Today is a day to celebrate & honour all those with congenital heart disease, their families, & the health professionals who look after them. And of course you! Without your support we wouldn't be able to do what we do.
Here are the smiling faces of Jon (CEO of Tiny Tickers) & Zoe. Zoe's heart story has a happy ending. But it's important to remember not all do. CHD is responsible for up to 1 in 13 of all infant deaths. That harrowing statistic drives all we do here at Tiny Tickers. Today we are reflecting on that and redoubling our efforts to help save lives.
Jon says: "My beautiful daughter, born with a great big hole in the middle of her heart. 8.5 hours of surgery to sew things up & construct new valves. We are forever grateful for the NHS heroes who saved her life."
We were delighted to have been involved in this important research project, led by Dr Judith Johnson & the University of Leeds, to create the first ever world guidelines for sonographers communicating unexpected news during pregancy scans. I shared my own experiences on BBC Breakfast last month. You can catch up here.
This project has meant a lot to me as I have personal experience of being a parent being on the receiving end of unexpected news – my daughter’s heart defect was first spotted at my wife’s 20 week pregnancy scan.
The way you are told about your baby’s potential condition can have a profound impact on what follows and how you as expectant parents cope with it. Our sonographer did a good job – she was honest, clear and compassionate in the way she told us about our unborn baby’s heart.
At Tiny Tickers, we hear the full range of experiences from the families we support, and also hear from sonographers about how tough it is to suddenly come across a possible problem and have to let expectant parents know without any time to prepare.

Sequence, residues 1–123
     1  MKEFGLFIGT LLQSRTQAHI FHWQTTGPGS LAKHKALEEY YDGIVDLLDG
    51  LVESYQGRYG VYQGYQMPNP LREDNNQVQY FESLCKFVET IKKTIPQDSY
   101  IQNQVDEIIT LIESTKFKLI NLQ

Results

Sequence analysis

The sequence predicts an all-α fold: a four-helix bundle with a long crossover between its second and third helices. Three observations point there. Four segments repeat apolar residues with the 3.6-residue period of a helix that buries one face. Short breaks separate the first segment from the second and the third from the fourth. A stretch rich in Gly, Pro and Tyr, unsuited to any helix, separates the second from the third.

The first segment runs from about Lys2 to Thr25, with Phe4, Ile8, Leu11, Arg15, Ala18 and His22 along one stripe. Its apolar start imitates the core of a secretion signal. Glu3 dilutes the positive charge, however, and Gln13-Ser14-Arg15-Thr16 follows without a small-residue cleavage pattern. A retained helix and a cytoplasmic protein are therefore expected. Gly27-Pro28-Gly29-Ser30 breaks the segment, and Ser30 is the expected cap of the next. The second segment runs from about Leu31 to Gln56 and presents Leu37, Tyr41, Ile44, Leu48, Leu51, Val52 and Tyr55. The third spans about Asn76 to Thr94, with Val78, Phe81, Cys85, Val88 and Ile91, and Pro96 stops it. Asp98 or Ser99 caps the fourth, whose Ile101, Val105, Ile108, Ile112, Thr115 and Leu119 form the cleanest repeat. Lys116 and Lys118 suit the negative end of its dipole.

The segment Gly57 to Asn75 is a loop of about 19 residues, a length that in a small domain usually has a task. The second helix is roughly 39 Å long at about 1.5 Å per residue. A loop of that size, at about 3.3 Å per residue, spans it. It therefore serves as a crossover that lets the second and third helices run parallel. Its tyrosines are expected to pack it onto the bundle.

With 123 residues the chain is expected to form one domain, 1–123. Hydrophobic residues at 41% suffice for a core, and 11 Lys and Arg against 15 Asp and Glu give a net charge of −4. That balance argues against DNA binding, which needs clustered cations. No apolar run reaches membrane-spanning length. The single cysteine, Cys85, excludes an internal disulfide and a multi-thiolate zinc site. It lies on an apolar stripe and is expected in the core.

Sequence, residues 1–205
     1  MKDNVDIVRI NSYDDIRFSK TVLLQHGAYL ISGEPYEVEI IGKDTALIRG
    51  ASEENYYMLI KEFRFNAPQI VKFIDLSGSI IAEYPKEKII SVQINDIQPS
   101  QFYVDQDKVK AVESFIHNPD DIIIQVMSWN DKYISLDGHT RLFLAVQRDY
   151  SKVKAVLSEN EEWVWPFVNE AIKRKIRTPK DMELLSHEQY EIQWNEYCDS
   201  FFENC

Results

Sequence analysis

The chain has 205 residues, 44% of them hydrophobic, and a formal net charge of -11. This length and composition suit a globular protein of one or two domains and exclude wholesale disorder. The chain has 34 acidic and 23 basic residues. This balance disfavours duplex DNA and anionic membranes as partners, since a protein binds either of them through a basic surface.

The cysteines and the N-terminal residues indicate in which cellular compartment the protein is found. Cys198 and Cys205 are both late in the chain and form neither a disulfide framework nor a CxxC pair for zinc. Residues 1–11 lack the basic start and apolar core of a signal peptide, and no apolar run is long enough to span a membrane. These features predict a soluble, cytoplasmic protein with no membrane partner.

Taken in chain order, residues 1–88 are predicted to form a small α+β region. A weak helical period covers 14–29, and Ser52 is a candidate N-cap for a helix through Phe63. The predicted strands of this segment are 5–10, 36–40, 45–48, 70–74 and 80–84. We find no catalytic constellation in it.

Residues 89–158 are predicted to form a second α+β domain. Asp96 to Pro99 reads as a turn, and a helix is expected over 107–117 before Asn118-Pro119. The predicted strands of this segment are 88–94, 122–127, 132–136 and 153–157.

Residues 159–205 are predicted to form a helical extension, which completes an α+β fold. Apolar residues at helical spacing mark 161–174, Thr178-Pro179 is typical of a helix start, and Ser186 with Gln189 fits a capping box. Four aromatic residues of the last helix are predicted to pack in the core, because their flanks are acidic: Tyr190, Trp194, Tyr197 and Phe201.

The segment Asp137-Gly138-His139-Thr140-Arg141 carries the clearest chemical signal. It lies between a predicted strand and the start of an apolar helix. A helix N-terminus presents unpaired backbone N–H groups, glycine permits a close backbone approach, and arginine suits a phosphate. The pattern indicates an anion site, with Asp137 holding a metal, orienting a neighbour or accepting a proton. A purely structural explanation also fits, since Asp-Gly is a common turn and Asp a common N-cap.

This research project has seen sonographers, psychologists, charities and parents with lived experience combine to create the world’s first set of guidelines to help sonographers with the really, really challenging task of communicating unexpected news. It’s really important work and we’re delighted to have been involved.
We are so grateful to all of you who support us week in, week out, month after month. Your support means we are able to do so much more to help babies with serious heart conditions, their families, and the NHS heroes who look after them.
We wanted to drop all of our supporters a note to say a big thank you for your continued support during these difficult days. And I do hope you are staying safe and well.
We are trying our very best to keep going - however we're a tiny charity and as a health specific organisation, we are not entitled to any of the UK Government funding packages. We continue to provide existing services where possible. We continue to offer training materials and resources to health professionals. We continue to be a voice for patients and parents, and to work with the NHS and service providers. We continue to offer information, advice and support to families.
The Coronavirus pandemic has forced us to change the way we help our beneficiaries. Unfortunately, we've had to pause three of our key projects due to Government guidelines and to enable NHS hospitals to focus on their critical role responding to the pandemic. For the time being, we have suspended face-to-face sonographer training, and have paused our projects placing pulse oximetry testing machines and situs dolls in NHS Trusts. We remain fully committed to these key projects and will resume them as soon as it is right to do so.